Actress – AZD (2017) [FLAC, 24bit, 44,1 kHz]

Actress - AZD (2017) [FLAC, 24bit, 44,1 kHz] Download

Artist: Actress
Album: AZD
Genre: Electronic
Release Date: 2017
Audio Format: FLAC (tracks) 24bit, 44,1 kHz
Duration: 55:20
Total Tracks: 12
Total Size: 628 MB


1. Actress – Nimbus (00:54)
2. Actress – Untitled 7 (05:13)
3. Actress – Fantasynth (05:02)
4. Actress – Blue Window (03:42)
5. Actress – Cyn (03:18)
6. Actress – X22rme (05:04)
7. Actress – Runner (05:12)
8. Actress – Falling Rizlas (02:25)
9. Actress – Dancing in the Smoke (06:21)
10. Actress – Faure in Chrome (06:02)
11. Actress – There’s an Angel in the Shower (07:33)
12. Actress – Visa (04:29)

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Actress, real name Darren Jordan Cunningham, known to friends as DAZ, returns with a new album, now on Ninja Tune and a new music system called “AZD” (pronounced “Azid”), a chrome aspect journey into a parallel world. An artist who has always preferred to make music than to talk about it, in “AZD” he has achieved another remarkable landmark, one which is as resistant to interpretation as it is demanding of it. Following on from his previous albums, R.I.P, Splazsh and Hazyville, an epilogue poem attached to the press release for Ghettoville was construed by media, commentators and spectators that Cunningham had retired. This led him to conceptualise this mass of conclusion as the key to “Giving power back to identity”.
Darren J Cunningham cuts an intriguing figure in dance music. He’s not the only former professional footballer to try his hand as a DJ, but the West Brom striker is presumably the first one to subsequently establish himself in the world of cerebral post-dubstep techno. His releases as Actress suggest an artist not at home to the idea of wearing one’s intelligence lightly: he seems to wear his like a hi-vis jacket, with trousers to match. He has made work inspired by Milton’s Paradise Lost and Jamie James’ “anecdotal history of the symphony of science and its counterpoint, the wisdom of music”, The Music of the Spheres. 2014’s Ghettoville arrived accompanied by an epilogue poem: “Spitting flames behind a white wall of silence. The machines have turned to stone, data reads like an obituary to its user.”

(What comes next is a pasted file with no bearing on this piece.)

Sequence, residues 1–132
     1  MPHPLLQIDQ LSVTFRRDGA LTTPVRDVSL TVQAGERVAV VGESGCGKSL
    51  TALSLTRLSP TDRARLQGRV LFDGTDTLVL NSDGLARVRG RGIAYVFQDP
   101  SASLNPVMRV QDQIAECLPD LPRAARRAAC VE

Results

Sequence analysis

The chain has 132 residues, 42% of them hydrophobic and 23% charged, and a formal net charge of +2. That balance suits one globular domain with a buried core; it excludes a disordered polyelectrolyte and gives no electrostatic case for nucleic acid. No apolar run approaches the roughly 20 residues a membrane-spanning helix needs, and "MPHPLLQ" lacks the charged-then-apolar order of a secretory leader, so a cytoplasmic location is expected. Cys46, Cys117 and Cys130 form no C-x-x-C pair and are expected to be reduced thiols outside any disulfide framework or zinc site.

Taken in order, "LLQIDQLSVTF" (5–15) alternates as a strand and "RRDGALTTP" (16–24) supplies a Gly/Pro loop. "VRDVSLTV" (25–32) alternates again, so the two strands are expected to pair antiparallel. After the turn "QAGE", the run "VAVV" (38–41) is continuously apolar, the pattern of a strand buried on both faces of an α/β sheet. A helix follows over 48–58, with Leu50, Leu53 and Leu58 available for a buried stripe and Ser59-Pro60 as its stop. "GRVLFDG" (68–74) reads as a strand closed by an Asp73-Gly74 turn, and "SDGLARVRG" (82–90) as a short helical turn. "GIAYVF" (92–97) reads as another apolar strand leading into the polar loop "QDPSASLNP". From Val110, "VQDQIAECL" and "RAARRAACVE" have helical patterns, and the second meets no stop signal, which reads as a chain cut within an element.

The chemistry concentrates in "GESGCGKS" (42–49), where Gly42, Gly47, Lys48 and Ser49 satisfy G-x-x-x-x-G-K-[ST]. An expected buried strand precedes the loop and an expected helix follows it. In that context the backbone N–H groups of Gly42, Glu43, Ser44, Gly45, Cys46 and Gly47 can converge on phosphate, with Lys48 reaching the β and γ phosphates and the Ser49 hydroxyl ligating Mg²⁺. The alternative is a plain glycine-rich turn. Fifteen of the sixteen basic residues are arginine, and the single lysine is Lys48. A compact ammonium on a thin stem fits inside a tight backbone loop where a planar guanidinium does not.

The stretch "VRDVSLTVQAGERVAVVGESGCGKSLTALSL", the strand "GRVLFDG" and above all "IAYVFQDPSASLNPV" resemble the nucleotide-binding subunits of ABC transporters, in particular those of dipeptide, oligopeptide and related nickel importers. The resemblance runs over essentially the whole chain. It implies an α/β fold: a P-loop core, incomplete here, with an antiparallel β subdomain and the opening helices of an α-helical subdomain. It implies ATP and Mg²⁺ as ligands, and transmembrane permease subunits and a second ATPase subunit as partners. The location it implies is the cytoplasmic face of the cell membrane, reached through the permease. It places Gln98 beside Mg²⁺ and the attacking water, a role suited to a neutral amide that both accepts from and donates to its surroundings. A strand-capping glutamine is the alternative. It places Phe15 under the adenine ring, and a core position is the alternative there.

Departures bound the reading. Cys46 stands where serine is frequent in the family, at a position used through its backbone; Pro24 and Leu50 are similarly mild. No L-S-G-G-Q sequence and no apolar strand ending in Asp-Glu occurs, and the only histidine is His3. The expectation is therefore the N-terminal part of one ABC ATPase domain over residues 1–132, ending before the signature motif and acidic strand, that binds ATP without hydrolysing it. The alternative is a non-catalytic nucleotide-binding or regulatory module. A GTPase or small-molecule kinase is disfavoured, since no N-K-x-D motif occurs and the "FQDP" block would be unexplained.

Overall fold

For all the reviews that seem to take this stuff at face value – quoting Nietzsche and Heidegger at you and loftily referring to his work not as albums or singles but “audio communions” – there’s occasionally the sense that some of this might be emanating from a man with his tongue lodged in his cheek. In one of his rare interviews, he suggested his working practices amounted to “smoking a lot of weed and seeing what happens”, while tracks bearing names such as Shadow from Tartarus and Uriel’s Black Harp rub shoulders with the noticeably earthier-sounding Doggin’ and Supreme Cunnilingus.